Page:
Thursday, June 30, 2011

Please Entertain Responsibly

Reese Witherspoon told Fox News, "I had my first baby when I was 23, so I've always been choosing roles knowing that…I have a responsibility to her and to the world to be representing women of strength…I think it's a natural extension of parenthood for you to feel like you're responsible for the worlds you create, whether they be silly or serious. I think you are responsible for the art you put in the world."
How true. Sadly, I think this concept is lost in the entertainment industry; probably due to lack of any sense of responsibility, as a whole, in our society. (The worst example: shying away from the responsibility that follows from intercourse – the care of a baby).
It continues to shock me how songs we hear or movies we see are like billboards saying, “DO WHAT YOU WANT! WHEN YOU FEEL LIKE IT! GO AHEAD! IT’S OKAY! WHO CARES ABOUT CONSEQUENCES!” Go ahead, use a person for your benefit. It’s not that selfish. Go ahead. Listen to this song or see this movie. It’s not really that bad.
Oh, yes it is. The things we see or hear – we imitate them. Perhaps not directly in our actions, but we accept it into our minds. It affects our conscious, subconscious, and especially our souls, whether we like it or not.
If you make a song or movie that glorifies immorality – something you would, in your right mind, never want to happen to you – people will reenact that. Sure, there are plenty who know it’s wrong and won’t do it, but they’re seeing it. And if they see it in a positive light, they subconsciously think, “It’s okay. This is funny.”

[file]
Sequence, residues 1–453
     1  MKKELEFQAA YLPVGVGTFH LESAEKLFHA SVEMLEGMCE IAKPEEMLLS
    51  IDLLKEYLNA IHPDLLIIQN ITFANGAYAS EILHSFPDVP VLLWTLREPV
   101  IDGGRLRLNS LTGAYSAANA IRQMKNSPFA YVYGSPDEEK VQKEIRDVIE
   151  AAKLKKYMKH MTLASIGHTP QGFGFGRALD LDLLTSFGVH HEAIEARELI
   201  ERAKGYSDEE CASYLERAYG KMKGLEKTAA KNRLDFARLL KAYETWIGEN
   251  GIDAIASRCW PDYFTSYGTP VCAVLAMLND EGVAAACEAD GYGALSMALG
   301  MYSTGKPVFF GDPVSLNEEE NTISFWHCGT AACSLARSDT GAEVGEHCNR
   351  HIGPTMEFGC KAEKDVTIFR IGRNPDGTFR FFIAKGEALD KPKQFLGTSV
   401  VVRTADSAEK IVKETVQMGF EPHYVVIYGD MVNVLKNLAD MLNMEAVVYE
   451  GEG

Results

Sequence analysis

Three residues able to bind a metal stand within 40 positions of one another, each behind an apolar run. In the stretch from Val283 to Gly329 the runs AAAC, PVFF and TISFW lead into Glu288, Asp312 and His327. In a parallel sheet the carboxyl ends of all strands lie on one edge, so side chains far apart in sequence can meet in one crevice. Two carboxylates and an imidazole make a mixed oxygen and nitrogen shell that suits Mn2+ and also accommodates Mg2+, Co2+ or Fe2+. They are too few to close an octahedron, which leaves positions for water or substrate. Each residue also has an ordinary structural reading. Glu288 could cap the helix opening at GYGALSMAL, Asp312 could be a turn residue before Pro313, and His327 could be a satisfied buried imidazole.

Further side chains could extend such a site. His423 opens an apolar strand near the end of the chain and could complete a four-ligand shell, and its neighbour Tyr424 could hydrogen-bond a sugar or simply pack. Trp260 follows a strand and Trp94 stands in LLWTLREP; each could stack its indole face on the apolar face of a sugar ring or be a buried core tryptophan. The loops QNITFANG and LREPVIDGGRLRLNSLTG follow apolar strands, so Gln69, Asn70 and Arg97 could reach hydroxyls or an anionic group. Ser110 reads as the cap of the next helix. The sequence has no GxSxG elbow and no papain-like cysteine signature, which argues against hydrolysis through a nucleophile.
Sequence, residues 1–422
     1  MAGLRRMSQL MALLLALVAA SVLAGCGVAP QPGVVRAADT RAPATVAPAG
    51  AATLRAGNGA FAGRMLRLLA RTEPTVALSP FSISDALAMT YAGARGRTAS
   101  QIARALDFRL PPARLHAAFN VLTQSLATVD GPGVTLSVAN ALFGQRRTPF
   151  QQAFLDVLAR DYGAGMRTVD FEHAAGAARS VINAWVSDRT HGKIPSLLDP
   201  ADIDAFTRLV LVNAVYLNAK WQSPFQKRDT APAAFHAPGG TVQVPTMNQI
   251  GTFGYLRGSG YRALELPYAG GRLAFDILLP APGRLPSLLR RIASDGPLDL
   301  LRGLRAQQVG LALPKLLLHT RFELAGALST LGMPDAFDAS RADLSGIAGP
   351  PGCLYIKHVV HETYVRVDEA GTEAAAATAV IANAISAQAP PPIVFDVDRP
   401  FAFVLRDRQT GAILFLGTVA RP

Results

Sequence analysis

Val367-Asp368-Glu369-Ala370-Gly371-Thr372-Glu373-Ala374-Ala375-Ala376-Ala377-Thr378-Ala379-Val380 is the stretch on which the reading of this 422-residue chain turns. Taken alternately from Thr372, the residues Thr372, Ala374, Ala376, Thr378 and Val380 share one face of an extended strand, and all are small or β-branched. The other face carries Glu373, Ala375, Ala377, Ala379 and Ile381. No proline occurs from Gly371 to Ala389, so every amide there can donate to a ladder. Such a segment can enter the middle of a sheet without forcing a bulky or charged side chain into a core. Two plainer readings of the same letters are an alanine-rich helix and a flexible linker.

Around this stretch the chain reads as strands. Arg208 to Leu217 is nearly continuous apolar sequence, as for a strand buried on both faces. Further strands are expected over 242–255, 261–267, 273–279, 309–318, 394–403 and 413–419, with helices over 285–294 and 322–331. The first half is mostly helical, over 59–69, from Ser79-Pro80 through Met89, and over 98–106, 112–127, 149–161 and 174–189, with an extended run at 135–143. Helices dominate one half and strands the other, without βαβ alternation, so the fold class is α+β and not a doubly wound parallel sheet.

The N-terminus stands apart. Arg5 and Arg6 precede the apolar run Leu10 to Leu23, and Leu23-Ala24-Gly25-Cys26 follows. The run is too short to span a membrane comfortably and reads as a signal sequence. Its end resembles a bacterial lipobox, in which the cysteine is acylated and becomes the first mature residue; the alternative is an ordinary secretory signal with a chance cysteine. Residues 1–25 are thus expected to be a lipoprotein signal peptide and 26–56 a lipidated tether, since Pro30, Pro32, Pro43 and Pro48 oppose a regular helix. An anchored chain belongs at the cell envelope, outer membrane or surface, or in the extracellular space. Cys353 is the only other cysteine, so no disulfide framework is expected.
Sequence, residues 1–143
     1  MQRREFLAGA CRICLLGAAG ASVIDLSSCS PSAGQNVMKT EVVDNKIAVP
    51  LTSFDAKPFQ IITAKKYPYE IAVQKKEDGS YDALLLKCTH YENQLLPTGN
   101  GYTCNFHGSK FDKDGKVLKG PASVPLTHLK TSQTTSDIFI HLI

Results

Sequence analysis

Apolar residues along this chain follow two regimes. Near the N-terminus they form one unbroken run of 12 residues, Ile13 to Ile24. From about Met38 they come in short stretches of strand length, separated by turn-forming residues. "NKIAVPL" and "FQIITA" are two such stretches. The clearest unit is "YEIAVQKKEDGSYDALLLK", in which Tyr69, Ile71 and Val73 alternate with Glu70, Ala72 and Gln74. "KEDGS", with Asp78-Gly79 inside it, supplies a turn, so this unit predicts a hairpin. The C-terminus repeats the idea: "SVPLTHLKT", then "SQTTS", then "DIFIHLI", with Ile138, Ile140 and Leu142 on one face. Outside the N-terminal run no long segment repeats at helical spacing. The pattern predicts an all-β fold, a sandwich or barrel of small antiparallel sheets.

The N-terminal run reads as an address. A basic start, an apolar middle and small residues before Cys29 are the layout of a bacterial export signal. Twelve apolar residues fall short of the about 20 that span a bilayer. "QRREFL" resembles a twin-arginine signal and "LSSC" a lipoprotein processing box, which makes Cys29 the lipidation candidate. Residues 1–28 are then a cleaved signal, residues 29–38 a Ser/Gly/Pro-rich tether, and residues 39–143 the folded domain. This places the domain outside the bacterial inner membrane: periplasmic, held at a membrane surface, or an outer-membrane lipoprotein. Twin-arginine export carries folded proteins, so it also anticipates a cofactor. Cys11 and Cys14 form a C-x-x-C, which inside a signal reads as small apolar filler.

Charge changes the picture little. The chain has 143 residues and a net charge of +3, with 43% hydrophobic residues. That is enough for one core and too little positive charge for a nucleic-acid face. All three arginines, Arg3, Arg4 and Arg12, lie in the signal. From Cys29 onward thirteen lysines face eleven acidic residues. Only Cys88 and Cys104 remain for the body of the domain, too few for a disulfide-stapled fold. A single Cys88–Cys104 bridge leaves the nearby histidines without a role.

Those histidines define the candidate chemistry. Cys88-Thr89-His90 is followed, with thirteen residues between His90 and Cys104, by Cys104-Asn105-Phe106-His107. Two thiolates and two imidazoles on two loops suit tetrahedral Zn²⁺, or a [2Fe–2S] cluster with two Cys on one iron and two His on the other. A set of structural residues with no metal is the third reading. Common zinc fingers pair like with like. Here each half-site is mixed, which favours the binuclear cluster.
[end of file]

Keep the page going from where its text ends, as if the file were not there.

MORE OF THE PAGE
Steven Speilberg, when talking about his 1977 Close Encounters of the Third Kind, a movie about a man who leaves his family to pursue aliens, "I would not have written it that way today. Now that I have seven children. Never."

You’ve all heard the Spiderman quote, “With great power comes great responsibility”. Artists in the industry have a massive power: to project a picture of reality that will echo into eternity. It can never be erased. It will touch millions’ of peoples’ lives.
They may never read this, but I beg artists to think before they act, pardon the pun. And if you, as a viewer, have to reassure yourself that what you’re listening to or seeing is “okay” or “not that bad”, I’m afraid it is.
You can't control what movie makers or singers create. But you can control what you see or hear.
Please entertain yourself responsibly.

Monday, June 27, 2011

A Few Reasons I Love Old Movies

If you haven’t ever stumbled upon an old movie channel, check it out next time you do. Old movies are a gold mine. Of course, it depends on the movie, but in general, the movies back then were filled with beautiful rarities. I’ll give you a list of just a few things I love about them.